For many years (I'm in my 50's), I've toyed around with various instruments, have learned a bit of note recognition and understanding, but have primarily been an observer (and enthusiastic one!) rather than a participant in musical endeavors.
This all changed a few weeks ago, when I purchased a student cello and began lessons with a wonderful teacher, whom I visit for one hour every week. I've now had two lessons, and am beginning to play first position on the D string, pizzicato. Until now, I've greatly enjoyed learning to hold my cello, doing the pencil exercise to become used to positioning for the bow (when I am not allowed to use yet), and have played the open strings of course, with ease. But now the notes sound horrible, as I press as hard as I can on the D string to make my G (which almost rings true), my F# (which sounds horrible and thunky), and my E (which doesn't sound much better than my F#).
All of this is to say that suddenly I am sighing a lot, and wondering what I am doing wrong. So I thought I would ask some of you folks who have gone before me -
Is this about learning to find my way to first position mostly? Should I be concentrating on being in the right place for each note, as well as in the right tempo for the exercise, and let time (and calluses) bring about the tone I seek? I do exercise now with the bow, rather than the pencil (I'm told by my teacher that I'm doing quite well in this regard, so I've advanced to this stage), and I finally in desperation, used the bow on these notes - they sounded great! So... ?
OR should I be pressing harder on the fingerboard? Honestly, no matter what I do, my third finger just can't force the D string to make a clear sound. I've tried with the other strings, and I seem at least better - is that why I am starting with the D string perhaps??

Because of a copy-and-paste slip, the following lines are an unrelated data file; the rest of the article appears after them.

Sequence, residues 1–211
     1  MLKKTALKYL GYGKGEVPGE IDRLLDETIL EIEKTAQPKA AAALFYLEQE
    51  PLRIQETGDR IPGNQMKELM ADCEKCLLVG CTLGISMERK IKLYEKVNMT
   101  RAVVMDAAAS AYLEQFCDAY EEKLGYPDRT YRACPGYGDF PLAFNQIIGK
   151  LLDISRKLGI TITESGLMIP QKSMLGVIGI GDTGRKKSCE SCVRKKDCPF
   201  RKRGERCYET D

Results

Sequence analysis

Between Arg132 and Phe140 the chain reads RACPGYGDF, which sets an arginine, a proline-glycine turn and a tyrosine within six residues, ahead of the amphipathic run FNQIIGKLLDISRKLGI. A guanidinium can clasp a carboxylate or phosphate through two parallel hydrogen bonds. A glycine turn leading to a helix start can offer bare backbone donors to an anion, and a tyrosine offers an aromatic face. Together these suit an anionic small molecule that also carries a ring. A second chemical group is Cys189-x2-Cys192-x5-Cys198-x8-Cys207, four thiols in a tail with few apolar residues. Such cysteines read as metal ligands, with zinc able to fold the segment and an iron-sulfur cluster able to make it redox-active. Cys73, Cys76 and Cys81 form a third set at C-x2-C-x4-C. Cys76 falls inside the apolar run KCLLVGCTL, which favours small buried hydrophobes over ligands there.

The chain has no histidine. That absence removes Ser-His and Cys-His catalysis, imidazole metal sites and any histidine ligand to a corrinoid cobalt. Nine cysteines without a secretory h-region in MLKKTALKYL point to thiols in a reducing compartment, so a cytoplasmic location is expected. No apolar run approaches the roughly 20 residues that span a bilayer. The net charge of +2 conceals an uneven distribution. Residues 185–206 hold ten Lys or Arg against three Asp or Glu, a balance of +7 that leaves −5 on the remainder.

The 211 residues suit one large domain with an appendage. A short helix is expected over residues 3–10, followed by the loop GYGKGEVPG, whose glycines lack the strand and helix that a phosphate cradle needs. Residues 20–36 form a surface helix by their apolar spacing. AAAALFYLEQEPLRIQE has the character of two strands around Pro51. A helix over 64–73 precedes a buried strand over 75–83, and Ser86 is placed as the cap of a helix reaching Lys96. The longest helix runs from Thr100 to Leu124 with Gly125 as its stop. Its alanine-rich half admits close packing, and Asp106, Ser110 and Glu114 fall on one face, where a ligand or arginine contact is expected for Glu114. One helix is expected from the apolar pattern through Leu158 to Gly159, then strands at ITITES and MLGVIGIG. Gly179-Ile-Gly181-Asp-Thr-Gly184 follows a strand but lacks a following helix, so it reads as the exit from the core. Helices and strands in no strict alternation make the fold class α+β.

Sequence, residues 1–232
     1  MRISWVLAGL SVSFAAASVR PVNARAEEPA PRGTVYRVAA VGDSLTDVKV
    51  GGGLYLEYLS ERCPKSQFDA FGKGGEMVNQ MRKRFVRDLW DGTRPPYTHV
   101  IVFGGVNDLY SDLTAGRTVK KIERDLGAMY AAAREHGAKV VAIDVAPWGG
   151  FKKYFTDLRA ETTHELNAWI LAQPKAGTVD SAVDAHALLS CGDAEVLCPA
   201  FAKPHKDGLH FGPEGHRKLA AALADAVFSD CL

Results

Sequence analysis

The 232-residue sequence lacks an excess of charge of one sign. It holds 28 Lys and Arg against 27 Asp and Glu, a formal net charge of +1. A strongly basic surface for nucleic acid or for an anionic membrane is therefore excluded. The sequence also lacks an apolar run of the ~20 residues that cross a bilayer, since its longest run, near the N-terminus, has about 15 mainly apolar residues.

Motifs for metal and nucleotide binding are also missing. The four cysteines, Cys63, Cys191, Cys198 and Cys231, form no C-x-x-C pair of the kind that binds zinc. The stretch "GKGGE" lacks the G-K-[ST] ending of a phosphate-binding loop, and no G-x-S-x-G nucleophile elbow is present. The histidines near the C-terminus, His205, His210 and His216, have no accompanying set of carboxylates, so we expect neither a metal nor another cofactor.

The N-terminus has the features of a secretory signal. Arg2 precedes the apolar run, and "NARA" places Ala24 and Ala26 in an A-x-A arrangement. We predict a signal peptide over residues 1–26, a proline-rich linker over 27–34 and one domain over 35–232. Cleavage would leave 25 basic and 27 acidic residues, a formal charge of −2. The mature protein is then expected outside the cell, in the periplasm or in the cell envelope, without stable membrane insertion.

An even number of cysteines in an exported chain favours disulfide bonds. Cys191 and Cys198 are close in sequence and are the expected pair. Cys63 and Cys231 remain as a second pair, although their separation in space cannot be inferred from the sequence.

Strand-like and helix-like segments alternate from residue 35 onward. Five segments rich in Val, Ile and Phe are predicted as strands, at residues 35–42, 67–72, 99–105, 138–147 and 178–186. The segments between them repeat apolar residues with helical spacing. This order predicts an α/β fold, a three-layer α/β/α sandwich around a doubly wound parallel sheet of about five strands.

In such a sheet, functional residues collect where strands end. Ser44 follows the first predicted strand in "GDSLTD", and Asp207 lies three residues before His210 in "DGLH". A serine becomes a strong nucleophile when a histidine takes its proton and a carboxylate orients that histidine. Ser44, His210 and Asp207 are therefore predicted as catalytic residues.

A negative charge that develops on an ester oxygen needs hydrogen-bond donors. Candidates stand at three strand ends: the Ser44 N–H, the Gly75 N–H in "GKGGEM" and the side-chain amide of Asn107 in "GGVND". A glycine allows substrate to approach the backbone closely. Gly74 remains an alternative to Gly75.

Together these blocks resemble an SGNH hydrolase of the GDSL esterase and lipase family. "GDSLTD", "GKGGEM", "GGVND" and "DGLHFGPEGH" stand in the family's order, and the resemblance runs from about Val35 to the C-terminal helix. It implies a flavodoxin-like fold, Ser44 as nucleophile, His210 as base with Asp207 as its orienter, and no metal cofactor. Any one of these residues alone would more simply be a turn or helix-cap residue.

OR is this a problem with the string itself? I would think that my teacher would have noticed if something was amiss. Also, she did tell me to concentrate on position (playing in front of the mirror, etc), and to play no more than about 5 to 8 minutes at a time... sigh. Should I just not worry so much?
Honestly, if someone would be so kind as to simply tell me to take a chill-pill - just verify that I'm hitting the right note and use this time to simply hum the notes (probably good to do so I can remember how the notes sound, hmm?) - I'd probably feel just fine.
Anyway, thanks so much for any kind replies that are given!
First of all: nice job, keep practicing, and don't worry too much. Cello really needs time :-) Well, I'm far from being a player, I just started it 2.5 years ago.
So I've just ideas:
1) to check whether Your 3rd finger is too weak or not, try to play F# with Your 2nd finger. If it is the same sound, it is most probably not Your finger.
2) You can also try playing G/A/B/C on the G string. B sounds well, it also supports my theorem.
My theorem: Your cello has a "problem". I don't know it's english name, we call it "Buller". It usually appears when F# is played, a kind of interference. German name is "WOLFTÖTER", english is probably something like wolf-sound.
How kind of you to reply! Indeed, I also had thought of the dreaded wolf, but today I had my new lesson, and lo and behold, I'm doing everything as I should, and the strangeness of the D string is evidently somewhat typical, at least in the beginning. The important thing I came away with, was that I need to keep my lovely left hand position and let the fuzziness resolve itself over time.